Until approximately mid last century, economists had traditionally analyzed the economy as something independent of the environment. There were no environmental constraints in terms of the use of energy or natural resources. So for their analyses, there were unlimited resources and environmental externalities did not suppose costs for agents and for the economies. This might had happened because of the lack of awareness due to the dimension of the global economy at that time. The global resources and energy needs at the period before the two world wars was not big enough to think that natural resources are scarce. Regarding the effects of pollution on human heath, although known, there were not considered important enough compared to progress, as they thought was mostly affecting working class (not middle class yet).
Whatever the reason, environmental economics, ecological economics, natural resources management, industrial ecology, political ecology, and other academic disciplines related to the economy, society and environment are still young. However, it is naïve nowadays to think that the environment does not affect economic activities and that the economic activities does not affect the environment in multiple ways. There is a huge corpus of theoretical and empirical work, coming from all natural sciences and social sciences that support it.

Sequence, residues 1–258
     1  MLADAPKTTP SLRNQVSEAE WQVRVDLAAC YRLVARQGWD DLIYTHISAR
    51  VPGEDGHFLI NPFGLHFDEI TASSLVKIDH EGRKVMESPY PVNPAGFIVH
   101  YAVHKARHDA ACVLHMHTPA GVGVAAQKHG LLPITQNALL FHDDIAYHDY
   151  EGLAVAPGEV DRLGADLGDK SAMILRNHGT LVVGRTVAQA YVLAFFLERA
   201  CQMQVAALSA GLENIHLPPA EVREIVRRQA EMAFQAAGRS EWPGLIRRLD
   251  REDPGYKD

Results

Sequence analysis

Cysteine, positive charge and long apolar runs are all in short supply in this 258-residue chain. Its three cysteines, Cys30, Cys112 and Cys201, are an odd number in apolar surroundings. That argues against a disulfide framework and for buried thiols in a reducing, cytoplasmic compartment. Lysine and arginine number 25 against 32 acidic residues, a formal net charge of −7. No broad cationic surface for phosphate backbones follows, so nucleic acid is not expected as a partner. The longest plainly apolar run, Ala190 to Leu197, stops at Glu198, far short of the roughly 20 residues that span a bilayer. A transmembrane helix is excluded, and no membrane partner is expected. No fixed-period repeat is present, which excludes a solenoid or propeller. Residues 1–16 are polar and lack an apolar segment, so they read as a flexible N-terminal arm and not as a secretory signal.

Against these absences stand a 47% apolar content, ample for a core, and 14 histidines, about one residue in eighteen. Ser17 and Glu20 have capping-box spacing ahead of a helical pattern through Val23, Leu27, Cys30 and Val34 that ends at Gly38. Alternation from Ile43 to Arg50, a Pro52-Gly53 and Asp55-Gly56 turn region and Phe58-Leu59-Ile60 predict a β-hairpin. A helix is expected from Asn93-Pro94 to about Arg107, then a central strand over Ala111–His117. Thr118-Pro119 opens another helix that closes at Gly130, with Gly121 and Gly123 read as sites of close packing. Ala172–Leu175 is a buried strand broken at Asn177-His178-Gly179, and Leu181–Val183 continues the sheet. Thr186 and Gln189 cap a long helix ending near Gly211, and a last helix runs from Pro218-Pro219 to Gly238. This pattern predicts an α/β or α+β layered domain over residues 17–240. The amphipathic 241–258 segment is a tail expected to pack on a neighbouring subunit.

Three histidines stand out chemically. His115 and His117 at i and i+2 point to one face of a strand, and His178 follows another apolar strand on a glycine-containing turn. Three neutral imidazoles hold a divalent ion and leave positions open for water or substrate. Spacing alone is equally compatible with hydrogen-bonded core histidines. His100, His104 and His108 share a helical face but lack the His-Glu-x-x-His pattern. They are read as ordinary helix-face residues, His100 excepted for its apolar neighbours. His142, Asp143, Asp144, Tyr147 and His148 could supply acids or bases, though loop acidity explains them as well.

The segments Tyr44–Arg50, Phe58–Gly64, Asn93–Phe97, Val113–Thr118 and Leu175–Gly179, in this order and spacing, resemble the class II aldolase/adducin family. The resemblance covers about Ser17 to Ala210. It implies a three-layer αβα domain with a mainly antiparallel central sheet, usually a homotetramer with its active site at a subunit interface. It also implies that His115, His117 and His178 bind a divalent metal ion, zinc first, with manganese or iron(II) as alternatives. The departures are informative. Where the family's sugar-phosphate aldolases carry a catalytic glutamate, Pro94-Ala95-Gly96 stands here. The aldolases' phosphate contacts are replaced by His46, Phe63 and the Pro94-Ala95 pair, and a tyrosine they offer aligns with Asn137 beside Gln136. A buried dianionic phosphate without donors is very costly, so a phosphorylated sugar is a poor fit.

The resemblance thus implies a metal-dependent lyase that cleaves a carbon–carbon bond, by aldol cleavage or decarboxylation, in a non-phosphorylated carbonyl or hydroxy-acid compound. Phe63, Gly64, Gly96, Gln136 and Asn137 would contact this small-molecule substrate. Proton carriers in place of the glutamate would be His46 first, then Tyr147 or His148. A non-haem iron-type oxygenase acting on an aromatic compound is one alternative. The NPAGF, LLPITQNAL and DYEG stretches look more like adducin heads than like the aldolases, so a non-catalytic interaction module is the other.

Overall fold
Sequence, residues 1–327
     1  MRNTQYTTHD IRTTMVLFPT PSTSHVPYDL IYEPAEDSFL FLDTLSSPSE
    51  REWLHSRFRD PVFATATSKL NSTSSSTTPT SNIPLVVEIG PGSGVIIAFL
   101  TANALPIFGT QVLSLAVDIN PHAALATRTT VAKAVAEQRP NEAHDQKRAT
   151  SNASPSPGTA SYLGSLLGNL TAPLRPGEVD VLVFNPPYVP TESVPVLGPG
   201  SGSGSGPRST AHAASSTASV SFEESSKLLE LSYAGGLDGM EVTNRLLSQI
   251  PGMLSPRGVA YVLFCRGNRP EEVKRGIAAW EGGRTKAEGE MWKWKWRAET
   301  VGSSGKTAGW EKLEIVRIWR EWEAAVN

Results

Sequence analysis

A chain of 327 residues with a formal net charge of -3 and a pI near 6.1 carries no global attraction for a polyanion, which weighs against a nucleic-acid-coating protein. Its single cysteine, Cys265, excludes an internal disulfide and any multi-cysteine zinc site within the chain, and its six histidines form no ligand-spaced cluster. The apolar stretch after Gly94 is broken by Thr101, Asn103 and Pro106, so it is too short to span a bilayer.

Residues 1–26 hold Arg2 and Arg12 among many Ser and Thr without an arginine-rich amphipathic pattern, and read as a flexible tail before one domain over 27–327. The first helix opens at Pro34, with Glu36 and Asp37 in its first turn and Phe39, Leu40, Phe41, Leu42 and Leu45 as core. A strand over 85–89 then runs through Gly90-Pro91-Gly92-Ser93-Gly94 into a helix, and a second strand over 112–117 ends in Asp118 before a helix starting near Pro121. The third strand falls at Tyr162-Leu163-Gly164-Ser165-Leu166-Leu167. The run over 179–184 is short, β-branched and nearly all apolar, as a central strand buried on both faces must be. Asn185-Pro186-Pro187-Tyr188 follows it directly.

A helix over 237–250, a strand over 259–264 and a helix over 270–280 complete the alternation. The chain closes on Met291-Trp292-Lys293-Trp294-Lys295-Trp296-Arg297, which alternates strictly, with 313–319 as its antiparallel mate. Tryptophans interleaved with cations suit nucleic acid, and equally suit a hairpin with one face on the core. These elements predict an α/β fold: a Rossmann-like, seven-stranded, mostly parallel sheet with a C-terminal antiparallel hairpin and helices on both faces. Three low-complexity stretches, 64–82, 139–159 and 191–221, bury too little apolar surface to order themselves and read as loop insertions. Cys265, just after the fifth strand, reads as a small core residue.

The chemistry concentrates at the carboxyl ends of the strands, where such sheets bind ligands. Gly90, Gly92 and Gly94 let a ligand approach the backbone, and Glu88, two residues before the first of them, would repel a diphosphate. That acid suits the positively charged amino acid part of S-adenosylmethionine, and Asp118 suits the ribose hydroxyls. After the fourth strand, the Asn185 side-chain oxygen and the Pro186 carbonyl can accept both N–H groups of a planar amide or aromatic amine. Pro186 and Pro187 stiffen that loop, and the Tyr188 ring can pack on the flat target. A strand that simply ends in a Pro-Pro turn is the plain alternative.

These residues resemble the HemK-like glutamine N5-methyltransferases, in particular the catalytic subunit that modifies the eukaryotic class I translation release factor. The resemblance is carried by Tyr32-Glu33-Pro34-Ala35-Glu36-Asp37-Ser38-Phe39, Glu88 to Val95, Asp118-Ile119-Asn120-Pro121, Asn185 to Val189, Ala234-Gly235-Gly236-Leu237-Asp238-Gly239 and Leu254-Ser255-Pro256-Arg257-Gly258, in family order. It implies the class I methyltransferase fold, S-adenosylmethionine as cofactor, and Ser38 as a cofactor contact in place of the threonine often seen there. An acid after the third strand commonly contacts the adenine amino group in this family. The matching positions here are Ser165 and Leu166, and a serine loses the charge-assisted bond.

Related to this, scientists have been alerting us during at least the last four decades that there is no doubt on the existence of an anthropogenic climate change, i.e. caused by human activities. There is a huge consensus among the scientific community on this issue. GHG emissions need to be cut right now. It is a survival issue for our specie. However, some politicians, probably influenced by petrol lobbies, seem to deny it. Climate change is a non-evident to human eye, complex problem. It is easier to believe in quick and easy-to-understand things, but even though we do not deeply understand quantum mechanics, we do not deny Einstein’s work if scientists say it works.